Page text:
Children’s surgery waiting lists hits record high as NHS fails to tackle spiralling backlog

Exclusive: ‘The pace of recovery of paediatric services has not kept up with the level of adult elective care,’ NHS admits in leaked documents

Rebecca Thomas
Health Correspondent
Thursday 11 May 2023 16:57 BST
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Children’s surgery waiting lists topped 403,000 for the first time on Thursday
Children’s surgery waiting lists topped 403,000 for the first time on Thursday (Getty)

Hospitals are failing to tackle spiralling children's surgery waiting lists as the backlog hits more than 400,000 for the first time.

Leaked documents show children’s waiting lists for both inpatient and outpatient care are “increasing at double the rate of adults” and, despite efforts, services have failed to catch up after they were paused during the pandemic.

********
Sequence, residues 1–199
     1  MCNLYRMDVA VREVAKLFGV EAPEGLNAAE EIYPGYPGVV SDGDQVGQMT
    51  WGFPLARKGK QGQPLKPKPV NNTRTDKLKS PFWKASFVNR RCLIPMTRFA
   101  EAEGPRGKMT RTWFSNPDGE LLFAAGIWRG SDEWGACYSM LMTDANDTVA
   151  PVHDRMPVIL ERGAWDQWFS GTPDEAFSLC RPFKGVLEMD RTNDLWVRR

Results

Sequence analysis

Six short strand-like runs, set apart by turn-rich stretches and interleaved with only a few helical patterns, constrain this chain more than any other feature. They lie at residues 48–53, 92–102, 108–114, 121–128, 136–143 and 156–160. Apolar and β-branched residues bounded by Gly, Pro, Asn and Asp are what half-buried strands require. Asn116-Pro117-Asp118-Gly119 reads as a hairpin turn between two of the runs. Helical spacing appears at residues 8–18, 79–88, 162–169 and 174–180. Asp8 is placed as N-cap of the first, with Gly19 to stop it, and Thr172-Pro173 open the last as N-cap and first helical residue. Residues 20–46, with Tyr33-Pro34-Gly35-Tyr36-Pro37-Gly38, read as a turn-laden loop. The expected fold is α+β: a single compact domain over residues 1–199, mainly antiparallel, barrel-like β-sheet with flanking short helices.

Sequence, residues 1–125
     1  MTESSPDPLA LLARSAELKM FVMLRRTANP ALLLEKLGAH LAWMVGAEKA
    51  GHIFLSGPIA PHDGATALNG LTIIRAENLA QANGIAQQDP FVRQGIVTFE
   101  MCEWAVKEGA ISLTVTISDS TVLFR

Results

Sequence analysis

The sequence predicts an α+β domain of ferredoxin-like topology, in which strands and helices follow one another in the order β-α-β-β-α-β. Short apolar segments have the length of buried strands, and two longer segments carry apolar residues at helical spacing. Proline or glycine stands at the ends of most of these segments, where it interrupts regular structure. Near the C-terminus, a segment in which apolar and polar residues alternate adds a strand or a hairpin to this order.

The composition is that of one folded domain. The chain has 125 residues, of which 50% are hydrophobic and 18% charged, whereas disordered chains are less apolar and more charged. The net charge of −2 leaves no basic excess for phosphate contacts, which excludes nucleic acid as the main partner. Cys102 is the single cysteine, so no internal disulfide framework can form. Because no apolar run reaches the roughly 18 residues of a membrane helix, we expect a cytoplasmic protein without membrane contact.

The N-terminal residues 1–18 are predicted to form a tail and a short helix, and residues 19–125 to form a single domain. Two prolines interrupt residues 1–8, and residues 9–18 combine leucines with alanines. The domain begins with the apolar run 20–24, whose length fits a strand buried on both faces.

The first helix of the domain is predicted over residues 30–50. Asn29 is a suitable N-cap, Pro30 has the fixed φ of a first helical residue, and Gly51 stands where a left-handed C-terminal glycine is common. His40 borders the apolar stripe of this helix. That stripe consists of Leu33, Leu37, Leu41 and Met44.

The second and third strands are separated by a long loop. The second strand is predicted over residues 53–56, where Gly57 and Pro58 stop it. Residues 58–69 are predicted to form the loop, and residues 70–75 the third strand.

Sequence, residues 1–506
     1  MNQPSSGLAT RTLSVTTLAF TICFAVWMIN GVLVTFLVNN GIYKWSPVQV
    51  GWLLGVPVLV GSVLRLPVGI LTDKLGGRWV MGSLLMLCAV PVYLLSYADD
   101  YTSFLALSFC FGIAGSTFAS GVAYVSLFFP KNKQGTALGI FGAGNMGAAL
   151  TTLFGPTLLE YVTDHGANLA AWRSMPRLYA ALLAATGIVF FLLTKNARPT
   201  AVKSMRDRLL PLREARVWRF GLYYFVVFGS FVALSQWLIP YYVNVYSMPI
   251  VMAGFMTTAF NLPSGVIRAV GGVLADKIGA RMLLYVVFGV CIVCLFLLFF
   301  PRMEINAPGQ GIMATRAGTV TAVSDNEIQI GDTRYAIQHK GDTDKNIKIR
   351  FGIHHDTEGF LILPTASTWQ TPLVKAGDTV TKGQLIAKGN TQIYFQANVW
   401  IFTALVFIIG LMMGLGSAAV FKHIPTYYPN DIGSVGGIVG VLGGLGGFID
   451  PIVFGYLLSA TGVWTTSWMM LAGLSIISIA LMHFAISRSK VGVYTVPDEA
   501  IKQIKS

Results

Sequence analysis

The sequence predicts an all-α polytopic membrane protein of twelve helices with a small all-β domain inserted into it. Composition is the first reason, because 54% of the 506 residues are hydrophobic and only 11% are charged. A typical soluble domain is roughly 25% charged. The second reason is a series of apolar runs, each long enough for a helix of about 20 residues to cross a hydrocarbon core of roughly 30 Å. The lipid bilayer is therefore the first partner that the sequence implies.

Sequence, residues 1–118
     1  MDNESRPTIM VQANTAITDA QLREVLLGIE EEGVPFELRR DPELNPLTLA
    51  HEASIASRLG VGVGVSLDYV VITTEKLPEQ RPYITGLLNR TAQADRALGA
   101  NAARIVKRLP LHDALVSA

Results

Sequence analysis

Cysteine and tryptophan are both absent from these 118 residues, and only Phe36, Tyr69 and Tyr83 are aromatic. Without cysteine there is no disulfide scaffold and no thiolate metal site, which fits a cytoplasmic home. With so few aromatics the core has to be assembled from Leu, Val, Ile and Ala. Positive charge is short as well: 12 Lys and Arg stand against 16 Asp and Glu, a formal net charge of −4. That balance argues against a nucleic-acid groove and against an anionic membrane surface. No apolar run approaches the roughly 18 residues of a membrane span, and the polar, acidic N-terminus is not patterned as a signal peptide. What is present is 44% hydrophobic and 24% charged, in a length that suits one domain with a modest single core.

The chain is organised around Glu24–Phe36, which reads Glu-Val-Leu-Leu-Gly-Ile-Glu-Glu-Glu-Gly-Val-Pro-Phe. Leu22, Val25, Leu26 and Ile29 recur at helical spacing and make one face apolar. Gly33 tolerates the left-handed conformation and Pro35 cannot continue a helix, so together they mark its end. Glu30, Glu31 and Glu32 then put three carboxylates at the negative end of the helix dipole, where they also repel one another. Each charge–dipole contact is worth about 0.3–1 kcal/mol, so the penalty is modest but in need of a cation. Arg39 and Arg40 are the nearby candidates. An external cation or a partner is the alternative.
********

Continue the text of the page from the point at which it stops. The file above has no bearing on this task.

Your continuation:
NHS leaders have repeatedly raised concerns about the backlog amid warnings that services for young people have been “deprioritised” to cut adult lists.

One NHS leader warned that the long waits would be likely to affect some children’s “ability to lead full and active lives” and worsen existing inequalities between adult and children’s care.

Leaked documents seen by The Independent show:

  • The rate of children’s surgery is 15 per cent lower compared to adults in the worst performing area – the east of England.
  • Between September 2021 to March 2022, the number of children waiting more than 78 weeks for hospital care increased by 43 per cent compared to 21 per cent for adults.
  • 70 per cent more adults were seen for scans and diagnostic tests needed for surgery in 2022 compared to children.